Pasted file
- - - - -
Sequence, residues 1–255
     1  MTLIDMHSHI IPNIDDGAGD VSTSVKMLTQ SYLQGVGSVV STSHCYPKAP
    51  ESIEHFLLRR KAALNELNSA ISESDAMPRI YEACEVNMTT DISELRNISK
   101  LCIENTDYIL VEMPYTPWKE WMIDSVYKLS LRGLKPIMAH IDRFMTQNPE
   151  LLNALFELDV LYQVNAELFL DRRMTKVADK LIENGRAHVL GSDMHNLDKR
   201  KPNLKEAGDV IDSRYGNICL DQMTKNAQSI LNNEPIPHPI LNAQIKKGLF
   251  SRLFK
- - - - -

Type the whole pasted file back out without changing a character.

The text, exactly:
Sequence, residues 1–255
     1  MTLIDMHSHI IPNIDDGAGD VSTSVKMLTQ SYLQGVGSVV STSHCYPKAP
    51  ESIEHFLLRR KAALNELNSA ISESDAMPRI YEACEVNMTT DISELRNISK
   101  LCIENTDYIL VEMPYTPWKE WMIDSVYKLS LRGLKPIMAH IDRFMTQNPE
   151  LLNALFELDV LYQVNAELFL DRRMTKVADK LIENGRAHVL GSDMHNLDKR
   201  KPNLKEAGDV IDSRYGNICL DQMTKNAQSI LNNEPIPHPI LNAQIKKGLF
   251  SRLFK